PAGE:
DNA Aptamers For The Characterization Of Histological Structure Of Lung Adenocarcinoma


Nucleic acid aptamers are becoming popular as molecular probes for identification and imaging pathology and, at the same time, as a convenient platform for targeted therapy. Recent studies have shown that aptamers may be effectively used for tumor characterization and as commercially available monoclonal antibodies.

Here we present three DNA aptamers binding to whole transformed lung cancer tissues, including tumor cells, connective tissues, and blood vessels. Protein targets have been revealed using affinity purification followed by mass spectrometry analyses, and they have been validated using a panel of correspondent antibodies and 3D imaging of tumor tissues.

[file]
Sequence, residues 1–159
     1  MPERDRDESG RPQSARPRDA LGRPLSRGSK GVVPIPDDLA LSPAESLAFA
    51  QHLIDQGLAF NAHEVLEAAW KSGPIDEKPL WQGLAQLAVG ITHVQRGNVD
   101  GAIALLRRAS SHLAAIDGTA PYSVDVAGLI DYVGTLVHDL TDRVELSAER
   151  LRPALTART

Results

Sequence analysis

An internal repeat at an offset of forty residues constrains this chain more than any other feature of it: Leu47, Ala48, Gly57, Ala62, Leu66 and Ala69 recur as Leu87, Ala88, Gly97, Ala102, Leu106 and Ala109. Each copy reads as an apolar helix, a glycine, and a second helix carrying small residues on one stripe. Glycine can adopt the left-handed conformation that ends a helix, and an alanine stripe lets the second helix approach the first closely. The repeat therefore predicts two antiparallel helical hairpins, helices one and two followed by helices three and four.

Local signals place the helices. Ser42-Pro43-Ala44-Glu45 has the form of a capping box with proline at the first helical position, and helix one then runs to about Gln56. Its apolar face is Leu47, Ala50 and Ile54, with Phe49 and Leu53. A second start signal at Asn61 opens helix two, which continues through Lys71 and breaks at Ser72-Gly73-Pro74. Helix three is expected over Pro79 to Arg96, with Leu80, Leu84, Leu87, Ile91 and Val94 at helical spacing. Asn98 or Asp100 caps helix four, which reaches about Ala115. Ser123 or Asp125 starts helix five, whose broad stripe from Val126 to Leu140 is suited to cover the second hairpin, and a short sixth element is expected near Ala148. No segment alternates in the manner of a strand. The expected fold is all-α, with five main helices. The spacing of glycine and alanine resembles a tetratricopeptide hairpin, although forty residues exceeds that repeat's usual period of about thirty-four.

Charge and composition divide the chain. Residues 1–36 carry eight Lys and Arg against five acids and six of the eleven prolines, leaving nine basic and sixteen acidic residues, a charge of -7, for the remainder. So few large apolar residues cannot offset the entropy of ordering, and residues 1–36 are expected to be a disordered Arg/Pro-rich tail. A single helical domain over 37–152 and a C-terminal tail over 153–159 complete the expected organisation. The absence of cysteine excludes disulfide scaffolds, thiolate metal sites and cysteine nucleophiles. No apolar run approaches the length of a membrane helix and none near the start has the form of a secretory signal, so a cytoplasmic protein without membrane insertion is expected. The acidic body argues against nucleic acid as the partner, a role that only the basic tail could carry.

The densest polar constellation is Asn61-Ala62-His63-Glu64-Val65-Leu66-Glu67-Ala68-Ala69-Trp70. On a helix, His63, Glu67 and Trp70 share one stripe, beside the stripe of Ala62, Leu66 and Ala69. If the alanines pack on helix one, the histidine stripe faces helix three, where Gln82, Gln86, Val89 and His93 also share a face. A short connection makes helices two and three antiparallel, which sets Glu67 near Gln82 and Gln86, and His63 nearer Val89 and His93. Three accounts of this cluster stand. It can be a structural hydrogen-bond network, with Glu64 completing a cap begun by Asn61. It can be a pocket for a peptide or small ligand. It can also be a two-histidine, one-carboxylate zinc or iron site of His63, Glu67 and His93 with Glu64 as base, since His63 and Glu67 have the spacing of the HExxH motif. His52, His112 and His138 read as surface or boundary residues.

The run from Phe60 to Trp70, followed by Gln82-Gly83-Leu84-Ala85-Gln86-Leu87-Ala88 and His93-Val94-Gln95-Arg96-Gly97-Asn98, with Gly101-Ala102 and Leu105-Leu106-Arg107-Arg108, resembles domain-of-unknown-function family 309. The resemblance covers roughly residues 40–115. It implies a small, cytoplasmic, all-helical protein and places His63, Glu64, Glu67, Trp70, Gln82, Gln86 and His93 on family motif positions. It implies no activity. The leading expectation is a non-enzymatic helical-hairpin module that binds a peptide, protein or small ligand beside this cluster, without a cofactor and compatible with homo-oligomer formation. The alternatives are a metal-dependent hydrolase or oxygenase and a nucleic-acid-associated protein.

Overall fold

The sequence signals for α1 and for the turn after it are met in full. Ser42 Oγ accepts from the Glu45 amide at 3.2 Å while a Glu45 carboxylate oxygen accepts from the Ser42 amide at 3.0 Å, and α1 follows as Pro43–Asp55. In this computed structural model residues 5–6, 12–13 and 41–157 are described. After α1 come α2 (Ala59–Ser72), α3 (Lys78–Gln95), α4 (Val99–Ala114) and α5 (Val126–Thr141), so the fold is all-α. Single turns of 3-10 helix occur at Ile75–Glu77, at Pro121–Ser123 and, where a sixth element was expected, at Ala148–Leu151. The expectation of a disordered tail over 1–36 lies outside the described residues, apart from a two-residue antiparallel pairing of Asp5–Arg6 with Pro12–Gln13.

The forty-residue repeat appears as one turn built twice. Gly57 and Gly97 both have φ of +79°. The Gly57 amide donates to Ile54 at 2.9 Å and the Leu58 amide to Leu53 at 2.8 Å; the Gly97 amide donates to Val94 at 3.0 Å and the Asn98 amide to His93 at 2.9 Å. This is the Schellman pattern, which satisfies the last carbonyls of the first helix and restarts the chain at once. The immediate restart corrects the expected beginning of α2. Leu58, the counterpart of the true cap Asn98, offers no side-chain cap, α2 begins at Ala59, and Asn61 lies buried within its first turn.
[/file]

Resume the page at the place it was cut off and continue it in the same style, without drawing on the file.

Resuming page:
Each of the proteins targeted by the aptamers is involved in cancer progression and most of them are crucial for lung adenocarcinoma. We propose the use of these aptamers in aptahistochemistry for the characterization of the histological structure of lung adenocarcinoma. 

The value of the presented aptamers is their application together or separately for indicating the spread of neoplastic transformation, for complex differential diagnostics, and for targeted therapy of the tumor itself as well as all transformed structures of the adjacent tissues. Moreover, it has been demonstrated that these aptamers could be used for intraoperative tumor visualization and margin assessment.

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